Jayne Dawson: The curious case of Diana and the national grief storm

Diana, Princess of Wales. PIC: PA
Diana, Princess of Wales. PIC: PA
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Prepare for a weepy weekend then.

If, like me, you have a few miles on the clock it’s going to be a tough one. Don’t bother with the tissues, just grab the tea towel - you’re going to need something pretty darn substantial to soak up the tears.

Because this weekend the telly will be going big on the death of Princess Diana, killed in a car crash in the early hours of Aug 31 some twenty years ago.

We who wept at the time - and there were a few million of us - could avoid the upset of course. We could watch the other side, get ourselves out of the house entirely, or just remind ourselves that a lot of people die young, and a lot of children lose their mothers, and children not so fortunately placed at that.

But it’s no use, we hardcore weepers - mostly women who had youngish children themselves when Diana died and could therefore most empathise with the terrible sadness of it all - will be watching and sobbing.

We all know what happened. Right in the dog days of summer, just hours before she was due to fly back home to her boys, the young and lovely Diana had her heart ripped apart in a Paris tunnel.

The driver of the Mercedes in which she was a back seat passenger hit the side of the underpass at terrific speed and, though Diana appeared relatively unmarked, a major vein had been torn causing catastrophic internal bleeding.

There was a medical battle to save her but her heart simply gave up, and she never was reunited with her boys.

Our reaction was the strangest thing. Not the grief storm. Not that. That was odd, there can be no argument. Where did it all come from? It was a social phenomenon, the like of it had never been seen before. The flowers, the crowds, the sadness.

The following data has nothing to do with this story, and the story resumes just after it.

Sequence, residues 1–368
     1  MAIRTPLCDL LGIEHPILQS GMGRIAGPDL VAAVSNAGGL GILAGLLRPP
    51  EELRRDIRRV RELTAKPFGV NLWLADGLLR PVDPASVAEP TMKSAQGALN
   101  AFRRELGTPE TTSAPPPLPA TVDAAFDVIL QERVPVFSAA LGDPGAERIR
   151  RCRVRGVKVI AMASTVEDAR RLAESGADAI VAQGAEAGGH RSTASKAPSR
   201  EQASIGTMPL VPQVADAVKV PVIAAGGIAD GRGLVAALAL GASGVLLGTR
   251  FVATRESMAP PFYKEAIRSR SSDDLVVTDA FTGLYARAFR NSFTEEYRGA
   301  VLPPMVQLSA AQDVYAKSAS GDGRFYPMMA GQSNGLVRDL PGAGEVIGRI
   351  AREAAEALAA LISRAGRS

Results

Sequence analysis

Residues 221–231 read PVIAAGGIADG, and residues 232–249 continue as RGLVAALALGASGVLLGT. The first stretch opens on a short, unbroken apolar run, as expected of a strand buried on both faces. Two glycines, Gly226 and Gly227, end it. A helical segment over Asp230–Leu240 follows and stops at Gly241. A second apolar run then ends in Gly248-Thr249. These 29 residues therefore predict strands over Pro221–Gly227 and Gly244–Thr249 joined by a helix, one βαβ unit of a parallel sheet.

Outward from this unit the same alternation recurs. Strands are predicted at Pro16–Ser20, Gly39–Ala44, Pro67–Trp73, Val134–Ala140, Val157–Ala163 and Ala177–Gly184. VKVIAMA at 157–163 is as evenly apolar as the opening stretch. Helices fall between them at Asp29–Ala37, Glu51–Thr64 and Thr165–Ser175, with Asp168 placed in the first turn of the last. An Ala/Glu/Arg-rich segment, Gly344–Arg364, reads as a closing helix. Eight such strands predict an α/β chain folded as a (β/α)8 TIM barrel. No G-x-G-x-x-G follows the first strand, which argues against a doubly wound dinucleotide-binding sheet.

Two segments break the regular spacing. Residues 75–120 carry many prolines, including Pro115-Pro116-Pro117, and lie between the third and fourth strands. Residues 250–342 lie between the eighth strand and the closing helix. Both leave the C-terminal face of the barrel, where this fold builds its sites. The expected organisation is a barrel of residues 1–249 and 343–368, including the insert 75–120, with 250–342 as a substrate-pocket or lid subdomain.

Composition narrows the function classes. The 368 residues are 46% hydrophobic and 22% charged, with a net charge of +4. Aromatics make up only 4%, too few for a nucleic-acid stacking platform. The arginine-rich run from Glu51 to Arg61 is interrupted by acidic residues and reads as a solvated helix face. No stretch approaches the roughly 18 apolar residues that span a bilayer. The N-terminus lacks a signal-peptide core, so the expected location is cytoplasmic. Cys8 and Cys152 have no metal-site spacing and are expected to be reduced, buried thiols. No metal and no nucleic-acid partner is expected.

No, the strange part is - where did it all go?

For a time, in the week after Diana died, it seemed certain that she would become a modern saint. That her image, her effigy would be everywhere. That the real, fallible woman would be replaced by a fantasy Diana who would be airbrushed into a goodness no real woman could never achieve.

She was a princess wronged, a wonderful and tragic figure.

But then she wasn’t. As fast as it emerged, the grief for Diana disappeared. Instead, there were stories about her mental instability.

If you had asked me ten years ago whether I had cried when Diana died I would have had to tell you in all honesty that I had.

I could have described the scene for you: that moment my daughter knocked on the bathroom door of our holiday cottage in Ireland to tell me that Diana had died. The moment I opened the bathroom door and stared at her, dripping and disbelieving, before my face crumpled.

I could have told you all that but it would have been in a shamefaced way, with a rueful smile about my own daftness.

But that was then. Now, twenty years after that day, Diana’s reputation has risen again.

Recent documentaries have focused on her witty warmth and on the strong, independent woman she was becoming. There has been less talk of her throwing herself down the stairs and more about how she emerged from the wreck of her marriage.

Her sons have helped of course. Their loving words about their mother would have wrung tears from a stone.

So incredibly, here we are. Twenty years on. So much has happened since Diana lost her life - you have only to see her collection of music cassettes to understand that.

In the end, Diana wasn’t a saint, she was a wealthy, privileged young woman - but she wasn’t a sinner either, and she died so very young.

So I’m glad that after twenty years her memory is being allowed to shine in a more thoughtful way.